The Linguistics Department at KU offers a full range of degrees: B.A., M.A. and Ph.D. The first linguistics courses at KU were offered in 1957. In 1968, Linguistics became a department and was authorized to offer a Ph.D. degree. Today, the unique strength of the Linguistics department is the systematic pairing of theoretical and experimental investigations of linguistic knowledge. Its nucleus of full-time faculty members in Linguistics, plus several actively involved faculty members in other departments, serves a student body of about 35 graduate students, 80 undergraduate majors, and many non-majors taking introductory and intermediate courses each semester.

Areas of special strength in the graduate program include Phonetics, Phonology, Syntax, First and Second Language Acquisition, Psycholinguistics, and Neurolinguistics. The department also cooperates with other departments, such as Speech-Language-Hearing, Child Language, Indigenous Nations Studies, Anthropology, Education, and Psychology.


Chancellor's Doctoral Fellowship

The Linguistics Department has been awarded the university's most prestigious graduate award, a Chancellor's Doctoral Fellowship for the 2016-17 academic year. Fellows receive a $25,000 stipend plus tuition and required fees for five years of doctoral study. All Ph.D. applicants to the program will be automatically considered for the award. For more information please see the Chancellor's Doctoral Fellowship Announcement.



Linguistics Colloquy Schedule

(Thursdays at 4pm in Blake 206)

March 24 : Caitlin Coughlin (Linguistics, KU)
March 31 : Hanbo Yan (Linguistics, KU)
April 14 :  Isaac Gould (Linguistics, KU)
April 28 : Maite Martínez García (Linguistics, KU)
May 5 : Presentations by Linguistics students in the honors program and REP program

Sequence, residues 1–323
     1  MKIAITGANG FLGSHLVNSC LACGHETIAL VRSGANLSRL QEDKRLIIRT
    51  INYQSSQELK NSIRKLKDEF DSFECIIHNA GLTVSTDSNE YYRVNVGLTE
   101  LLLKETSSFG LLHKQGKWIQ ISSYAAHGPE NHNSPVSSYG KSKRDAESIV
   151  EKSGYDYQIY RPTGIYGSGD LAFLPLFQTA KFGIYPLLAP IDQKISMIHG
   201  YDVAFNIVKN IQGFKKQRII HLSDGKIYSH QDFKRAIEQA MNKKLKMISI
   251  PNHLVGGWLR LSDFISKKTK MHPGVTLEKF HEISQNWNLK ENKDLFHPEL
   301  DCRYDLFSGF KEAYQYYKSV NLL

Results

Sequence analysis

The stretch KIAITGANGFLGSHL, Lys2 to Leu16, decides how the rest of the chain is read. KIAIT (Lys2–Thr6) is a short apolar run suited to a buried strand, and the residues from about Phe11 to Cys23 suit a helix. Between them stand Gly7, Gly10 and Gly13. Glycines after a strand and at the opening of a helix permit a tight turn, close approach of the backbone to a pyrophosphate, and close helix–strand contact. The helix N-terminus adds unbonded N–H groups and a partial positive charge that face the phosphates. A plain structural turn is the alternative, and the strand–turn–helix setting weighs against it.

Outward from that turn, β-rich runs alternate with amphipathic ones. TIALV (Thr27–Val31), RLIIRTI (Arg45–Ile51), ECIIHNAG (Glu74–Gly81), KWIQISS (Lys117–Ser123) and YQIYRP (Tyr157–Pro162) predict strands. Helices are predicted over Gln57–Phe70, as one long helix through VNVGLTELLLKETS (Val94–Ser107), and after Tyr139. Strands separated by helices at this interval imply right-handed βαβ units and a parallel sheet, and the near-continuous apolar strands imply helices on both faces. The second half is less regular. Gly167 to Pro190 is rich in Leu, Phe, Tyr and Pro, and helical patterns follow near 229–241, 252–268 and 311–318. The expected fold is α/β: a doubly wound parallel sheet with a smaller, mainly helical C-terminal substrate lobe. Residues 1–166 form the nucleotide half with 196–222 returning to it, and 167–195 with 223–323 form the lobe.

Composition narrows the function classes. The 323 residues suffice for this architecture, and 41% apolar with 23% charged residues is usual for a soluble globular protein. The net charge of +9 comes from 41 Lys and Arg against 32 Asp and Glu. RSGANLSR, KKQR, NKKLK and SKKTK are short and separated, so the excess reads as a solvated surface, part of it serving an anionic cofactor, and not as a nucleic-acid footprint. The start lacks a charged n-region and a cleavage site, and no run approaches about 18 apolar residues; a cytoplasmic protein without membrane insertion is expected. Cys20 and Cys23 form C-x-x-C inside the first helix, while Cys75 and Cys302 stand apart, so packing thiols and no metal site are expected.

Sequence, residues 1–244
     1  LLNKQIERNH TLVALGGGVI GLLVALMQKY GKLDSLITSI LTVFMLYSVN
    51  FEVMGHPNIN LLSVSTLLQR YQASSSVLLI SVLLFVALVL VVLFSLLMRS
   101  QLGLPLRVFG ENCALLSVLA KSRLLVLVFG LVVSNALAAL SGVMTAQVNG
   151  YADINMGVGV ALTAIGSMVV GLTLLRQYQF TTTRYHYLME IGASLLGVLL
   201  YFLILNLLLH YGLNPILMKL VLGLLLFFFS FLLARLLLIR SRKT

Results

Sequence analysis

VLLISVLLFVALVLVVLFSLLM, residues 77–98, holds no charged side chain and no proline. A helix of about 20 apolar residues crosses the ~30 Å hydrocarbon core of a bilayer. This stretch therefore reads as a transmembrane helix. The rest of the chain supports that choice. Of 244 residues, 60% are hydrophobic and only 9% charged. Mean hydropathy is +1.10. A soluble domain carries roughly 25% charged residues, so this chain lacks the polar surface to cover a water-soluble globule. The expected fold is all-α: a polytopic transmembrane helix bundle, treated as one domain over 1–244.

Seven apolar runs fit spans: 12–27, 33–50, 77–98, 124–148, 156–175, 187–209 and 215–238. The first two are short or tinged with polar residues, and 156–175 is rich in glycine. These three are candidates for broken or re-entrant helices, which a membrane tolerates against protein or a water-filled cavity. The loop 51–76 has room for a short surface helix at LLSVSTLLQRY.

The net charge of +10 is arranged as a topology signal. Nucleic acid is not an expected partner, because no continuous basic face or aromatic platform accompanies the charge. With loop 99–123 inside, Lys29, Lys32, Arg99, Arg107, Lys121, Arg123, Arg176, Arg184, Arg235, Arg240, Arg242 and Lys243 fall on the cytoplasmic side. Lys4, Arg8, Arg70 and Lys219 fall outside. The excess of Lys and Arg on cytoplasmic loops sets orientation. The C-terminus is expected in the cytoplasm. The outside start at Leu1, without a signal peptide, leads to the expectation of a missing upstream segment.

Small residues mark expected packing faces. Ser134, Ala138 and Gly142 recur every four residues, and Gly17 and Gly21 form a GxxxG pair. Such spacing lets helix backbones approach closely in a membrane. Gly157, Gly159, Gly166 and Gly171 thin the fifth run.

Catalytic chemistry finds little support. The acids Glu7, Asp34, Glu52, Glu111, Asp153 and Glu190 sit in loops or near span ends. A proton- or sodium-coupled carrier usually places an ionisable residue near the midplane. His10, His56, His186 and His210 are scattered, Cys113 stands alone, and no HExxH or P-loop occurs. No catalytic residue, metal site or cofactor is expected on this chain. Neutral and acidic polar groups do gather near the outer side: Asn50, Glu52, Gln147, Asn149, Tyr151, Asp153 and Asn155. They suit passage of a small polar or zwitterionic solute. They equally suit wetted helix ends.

Spring 2016 Colloquy Schedule

Recent Publications

  • Examining visible articulatory features in clear and plain speech.
    Lisa Y.w. Tang, Beverly Hannah, Allard Jongman, Joan Sereno, Yue Wang, and Ghassan Hamarneh, Speech Communications. More»
  • What comes after /f/? Prediction in speech derives from data-explanatory processes.
    Bob McMurray and Allard Jongman. Psychological Science. More»
  • Cross-modal priming differences between native and nonnative Spanish speakers. 
    Wendy Herd, Joan Sereno, & Allard Jongman. Studies in Hispanic and Lusophone Linguistics More»
  • Acquisition and use of linguistic knowledge: scrambling in child Japanese as a test case.
    Minai, Utako; Isobe, Miwa & Okabe, Reiko. Journal of Psycholinguistics Research. More»
  • Acoustic evidence for diachronic sound change in Korean prosody: A comparative study of the Seoul and South Kyungsang dialects.
    Hyunjung Lee and Allard Jongman. Journal of PhoneticsMore»
  • The relative contribution of segments and intonation to the perception of foreign-accented speech.
    Joan Sereno, Lynn Lammers, and Allard Jongman. Applied Psycholinguistics. More»
  • Morphological decomposition in de-adjectival nominals in Japanese: Masked and overt priming evidence.
    Robert Fiorentino, Yuka Naito-Billen, and Utako Minai. Journal of Psycholinguistic Research. More»

More Publications»



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